• Important to note not to jump to conclusions, or try to do more analysis than makes sense. For example, rates would have been misleading because we don’t have good bicycle counts by street or intersection, much less car-traffic counts. But we could use this anecdotally in the story: In the city's annual mid-September count, there were 3,251 cyclists commuting into downtown in 2010, up from 2,273 in 2007. So, accidents are holding steady while the number of commuters is increasing.
  • Important to note not to jump to conclusions, or try to do more analysis than makes sense. For example, rates would have been misleading because we don’t have good bicycle counts by street or intersection, much less car-traffic counts. But we could use this anecdotally in the story: In the city's annual mid-September count, there were 3,251 cyclists commuting into downtown in 2010, up from 2,273 in 2007. So, accidents are holding steady while the number of commuters is increasing.
  • Important to note not to jump to conclusions, or try to do more analysis than makes sense. For example, rates would have been misleading because we don’t have good bicycle counts by street or intersection, much less car-traffic counts. But we could use this anecdotally in the story: In the city's annual mid-September count, there were 3,251 cyclists commuting into downtown in 2010, up from 2,273 in 2007. So, accidents are holding steady while the number of commuters is increasing.
  • Last year, editors at The Seattle Times noticed more food trucks around. There must be a story about the safety record of these trucks, they thought. So, of course, we checked it out. What we found? Food trucks were just as clean, met inspection rules, just as much as all other types of restaurants. In part, this was because their food came from prep sites most of the time and was not cooked in a mobile unit. And, just to be sure, we checked the prep sites. They got good grades too.
  • “ The devil is in the data” “ How pure/faulty/legit are the “genes” in your data? =================================================== Opener: They don’t believe us (perhaps with good reason). Get some stats on public’s trust of journalism and journalists. Way to save and perhaps improve our reputation is to make sure of the truthfulness – the validity – of what we are reporting. As we do more and more analysis of data as part of our stories, make sure we are analyzing correct and valid pure–quality data becomes crucial. (We should also be sharing out methods and data with the public, but that’s a topic for another session.)
  • Transcript

    • 1. “ OK, but where did that data come from?” Data validation in the Digital Age Tom Johnson Managing Director Inst. for Analytic Journalism Santa Fe, New Mexico USA t o m @ j t j o h n s o n . c o m Cheryl Phillips Data Enterprise Editor Seattle Times Seattle, Washington USA c p h i l l i p s @ s e a t t l e t I m e s . c o m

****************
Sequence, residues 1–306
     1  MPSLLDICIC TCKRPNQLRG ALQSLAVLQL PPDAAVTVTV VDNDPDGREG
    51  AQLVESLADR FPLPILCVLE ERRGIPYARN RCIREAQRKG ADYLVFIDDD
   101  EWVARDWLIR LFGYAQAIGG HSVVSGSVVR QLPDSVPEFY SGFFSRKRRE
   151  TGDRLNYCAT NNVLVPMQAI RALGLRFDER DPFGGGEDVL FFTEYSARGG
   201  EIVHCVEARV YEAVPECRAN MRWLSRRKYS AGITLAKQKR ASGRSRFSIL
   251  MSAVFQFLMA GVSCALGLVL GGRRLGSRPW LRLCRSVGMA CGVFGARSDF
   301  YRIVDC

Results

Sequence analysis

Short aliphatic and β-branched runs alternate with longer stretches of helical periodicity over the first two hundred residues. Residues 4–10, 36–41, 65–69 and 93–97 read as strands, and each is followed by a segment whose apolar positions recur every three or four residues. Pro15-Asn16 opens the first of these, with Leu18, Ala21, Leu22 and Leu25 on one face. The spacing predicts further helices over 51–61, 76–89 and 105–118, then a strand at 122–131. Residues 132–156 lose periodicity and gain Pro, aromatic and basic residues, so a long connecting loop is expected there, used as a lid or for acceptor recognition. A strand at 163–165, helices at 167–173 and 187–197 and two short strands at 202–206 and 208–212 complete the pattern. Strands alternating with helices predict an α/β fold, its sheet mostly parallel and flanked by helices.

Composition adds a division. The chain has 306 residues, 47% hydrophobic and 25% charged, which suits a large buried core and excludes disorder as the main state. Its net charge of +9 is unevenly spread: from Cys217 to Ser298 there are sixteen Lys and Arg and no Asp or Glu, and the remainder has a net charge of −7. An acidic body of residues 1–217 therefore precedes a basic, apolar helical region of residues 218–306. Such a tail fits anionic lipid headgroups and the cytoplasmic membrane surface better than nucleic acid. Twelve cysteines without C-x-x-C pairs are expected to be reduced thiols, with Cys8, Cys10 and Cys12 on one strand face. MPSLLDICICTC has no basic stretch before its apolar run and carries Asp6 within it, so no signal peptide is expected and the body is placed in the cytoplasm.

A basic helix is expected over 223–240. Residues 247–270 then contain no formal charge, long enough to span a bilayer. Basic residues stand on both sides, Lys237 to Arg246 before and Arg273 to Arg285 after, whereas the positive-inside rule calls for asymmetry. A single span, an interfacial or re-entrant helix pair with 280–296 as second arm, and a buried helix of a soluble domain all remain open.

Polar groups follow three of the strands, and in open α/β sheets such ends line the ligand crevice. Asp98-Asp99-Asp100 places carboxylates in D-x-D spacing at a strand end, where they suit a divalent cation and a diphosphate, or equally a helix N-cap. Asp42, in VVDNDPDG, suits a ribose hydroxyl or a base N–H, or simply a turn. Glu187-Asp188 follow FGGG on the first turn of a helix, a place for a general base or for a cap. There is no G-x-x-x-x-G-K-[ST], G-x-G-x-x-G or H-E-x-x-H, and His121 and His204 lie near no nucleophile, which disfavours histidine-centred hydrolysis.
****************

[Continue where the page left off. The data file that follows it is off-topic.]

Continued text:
• 2. Data validation in the Digital Age
      • Presentation by Cheryl Phillips and Tom Johnson at
      • National Institute of Computer-Assisted Reporting Conference
      • Date/Time: Friday, Feb. 24 at 11 a.m.
      • Location: Frisco/Burlington Room
      • St. Louis, Missouri USA
      This PowerPoint deck and Tipsheets posted at: http:// s d r v . m s / w N t i M 7     
    • 3. The methodology  / = the value of the data set and your story
      • Important point
      1 A data base (or report) is only as good as the methodology used to create it.
    • 4. Data sets are living things; they have pedigree and genealogy
      • Important points
      2
      • Most [all?] data sets are living things .
      • And they have a pedigree, a genealogy.
      • Data sets live in a dynamic environment.
      • Understand the DB ecology
    • 5. How bad data can do you wrong
      • Illinois and Missouri sex-offender DB
      • “ St. Louis Post-Dispatch - 2 May 1999: A11 – “ABOUT 700 SEX OFFENDERS DO NOT APPEAR TO LIVE AT THE ADDRESSES LISTED ON A ST. LOUIS REGISTRY; MANY SEX OFFENDERS NEVER MAKE THE LIST” By Reese Dunklin; Data Analysis By David Heath and Julie Luca
      • Sun, 3 Oct 2004 - THE DALLAS MORNING NEWS - PAGE-1A “Criminal checks deficient; State's database of convictions is hurt by lack of reporting, putting public safety at risk, law officials say” By Diane Jennings and Darlean Spangenberger
      • See stories here
    • 6. How bad data can do you wrong
      • 2011 - New Mexico Sec. of State’s “questionable voters” data set – “The Big Bundle”
      • ~1.1m voters
      • Previous SoS didn’t clean rolls
      • Matched name, address, DoB and SS#
        • SSA data base; NM driver’s licenses
        • 2 variables “mismatch” =  Questionable?
        • Asked State Police (not AG’s office) to investigate
    • 7. Problems with Sec. of State methodology
      • What’s the error rate of original DB?
        • Definition of “error”? (Gonzale s or Gonzale z )
        • Sample(s) by county and state total?
        • Error rates of comparative DBs?
        • Aggregation of error problem
      • 2011 Help America Vote Verification Transaction Totals, Year-to-Date, by State https://www.socialsecurity.gov/open/havv/havv-year-to-date-2011.html
    • 8. Source: https://www.socialsecurity.gov/open/havv/havv-year-to-date-2011.html
    • 9. A most wonderful story!!! Data base rich with potential There be dragons!
    • 10. Building genealogy for target DB
      • Pre-plan
        • 2 nd monitor
        • “ Logbook” apps
      • Do data fit theoretical models?
      • Do a “critical biography” of the data
      • Does biography raise critical warnings?
      • Acquire latest data and related docs
      • Do tables conform to record layout?
      • Do docs specify expected ranges & frequencies?
      • Are data values missing or out of range?
      • Have others run analysis of this data?
      • Review major checklist
      • Lit. review/ interview peers